5. Transferring Accounts to Brokerage Firms with High Fees

Another common mistake people make after leaving their employer is moving their accounts to a higher-cost brokerage. You really need to make sure that you shop around before you move in order to find the best rate for you. Many brokerage firms charge 1-2% or more in fees.

Amon and I use Vanguard, Schwab, and Fidelity and really love them because they charge such low fees. Personally, I contributed to a 401K which I was able to roll over into a Vanguard account when I left my employer. If you’re unfamiliar with the rollover process, make sure you do your research beforehand and ensure you truly understand where your money is being transferred.

6. Cashing Out Your 401K

When you leave your employer, you are usually given the option of either rolling the account over to a personal account like I described above, or cashing your 401K out. NEVER CASH OUT! Cashing out is a terrible idea because of the harsh tax consequences: You will be hit with a tax penalty AND the money will be taxed as income. So, don’t cash out your 401K unless you absolutely have to.

7. Leaving Your Account with an Unorganized Employer

If your employers aren’t running a great 401K program, they might be moving your money around and not even tell you when or where they’re moving it. Employers have the option of changing who manages the 401K and they have the power to do so without even letting you know. If you feel like the money in your 401K account is not going to be in safe hands, then that is a really good reason to move it.

8. Not being Fully Vested Before Leaving Your Employer

A lot of employers will match your money but have a policy in place where they can, under certain circumstances, take back the money they contributed. If you’re not fully vested in your retirement account you don’t actually own 100% of your account balance and your employer can take back its contributions to your account when you leave. So to avoid this loss, you need to be aware of your company’s policy and use that information to make strategic decisions in terms of when you leave, why you’re leaving, and where you’d be going. In some cases, it may be worth it to take a new job, even with the forfeiture of employer retirement account contributions, so always take the time to assess the pros and cons when deciding to stay or leave.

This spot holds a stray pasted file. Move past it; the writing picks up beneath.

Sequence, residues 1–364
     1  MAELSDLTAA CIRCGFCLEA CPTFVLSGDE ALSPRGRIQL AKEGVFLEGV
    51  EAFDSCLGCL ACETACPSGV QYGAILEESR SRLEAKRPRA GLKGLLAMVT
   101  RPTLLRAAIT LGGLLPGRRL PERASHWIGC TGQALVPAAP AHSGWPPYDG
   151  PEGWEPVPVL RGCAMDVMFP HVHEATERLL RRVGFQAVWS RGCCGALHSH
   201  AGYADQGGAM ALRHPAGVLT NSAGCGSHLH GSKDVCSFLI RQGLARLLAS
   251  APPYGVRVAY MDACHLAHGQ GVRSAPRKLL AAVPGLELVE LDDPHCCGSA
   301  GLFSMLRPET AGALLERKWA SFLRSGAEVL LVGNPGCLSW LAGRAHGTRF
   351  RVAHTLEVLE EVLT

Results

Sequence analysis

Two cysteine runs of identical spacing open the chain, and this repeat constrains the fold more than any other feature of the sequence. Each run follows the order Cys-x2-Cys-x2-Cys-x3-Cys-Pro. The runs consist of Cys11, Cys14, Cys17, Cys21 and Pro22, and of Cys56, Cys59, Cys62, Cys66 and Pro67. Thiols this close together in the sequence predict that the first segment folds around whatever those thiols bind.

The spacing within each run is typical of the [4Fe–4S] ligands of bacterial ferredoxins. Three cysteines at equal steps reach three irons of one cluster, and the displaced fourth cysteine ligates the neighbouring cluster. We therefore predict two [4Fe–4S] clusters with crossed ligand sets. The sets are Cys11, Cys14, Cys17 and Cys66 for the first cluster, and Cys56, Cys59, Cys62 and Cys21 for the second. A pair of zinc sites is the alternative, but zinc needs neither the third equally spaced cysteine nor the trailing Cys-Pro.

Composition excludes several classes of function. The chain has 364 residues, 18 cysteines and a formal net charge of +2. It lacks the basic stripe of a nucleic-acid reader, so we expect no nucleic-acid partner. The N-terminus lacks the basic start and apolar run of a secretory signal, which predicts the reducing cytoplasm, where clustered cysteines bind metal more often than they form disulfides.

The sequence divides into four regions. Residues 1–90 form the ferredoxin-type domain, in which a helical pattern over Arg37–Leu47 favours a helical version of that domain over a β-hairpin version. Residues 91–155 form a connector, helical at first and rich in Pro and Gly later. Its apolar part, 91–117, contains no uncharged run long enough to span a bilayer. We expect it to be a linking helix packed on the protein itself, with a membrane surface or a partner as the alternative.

So these are the top mistakes that you can make with your retirement accounts. If you’ve already made some of these mistakes, don’t worry: It’s ok, you can recover! But if you haven’t made any of these mistakes, now you know exactly what NOT to do! In either case, moving forward, always focus on strategies that will allow your investment portfolio to grow. Avoid these mistakes can help with that!

Maximize Your Stock Market Profits by Doing These Things to Your Portfolio NOW


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Hello, We’re Amon & Christina

We’re former federal government employees that focused on saving, making, and investing money so that we could grow enough wealth in our investments to never have to work again.

And, guess what? We did it! At the age of 39, we reached financial independence, quit our jobs, and . . . we retired!

So, if you’re interested in learning how to save, make and invest money on the road to financial independence and retiring early (i.e., F.I.R.E.) - this site is for you!